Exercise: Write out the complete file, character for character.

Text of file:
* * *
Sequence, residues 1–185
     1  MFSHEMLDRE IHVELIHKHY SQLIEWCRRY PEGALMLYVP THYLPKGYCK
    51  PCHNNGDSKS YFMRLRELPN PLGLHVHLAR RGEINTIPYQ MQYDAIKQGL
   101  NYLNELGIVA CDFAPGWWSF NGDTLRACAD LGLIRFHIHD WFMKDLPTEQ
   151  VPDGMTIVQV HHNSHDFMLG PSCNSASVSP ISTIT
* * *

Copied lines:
Sequence, residues 1–185
     1  MFSHEMLDRE IHVELIHKHY SQLIEWCRRY PEGALMLYVP THYLPKGYCK
    51  PCHNNGDSKS YFMRLRELPN PLGLHVHLAR RGEINTIPYQ MQYDAIKQGL
   101  NYLNELGIVA CDFAPGWWSF NGDTLRACAD LGLIRFHIHD WFMKDLPTEQ
   151  VPDGMTIVQV HHNSHDFMLG PSCNSASVSP ISTIT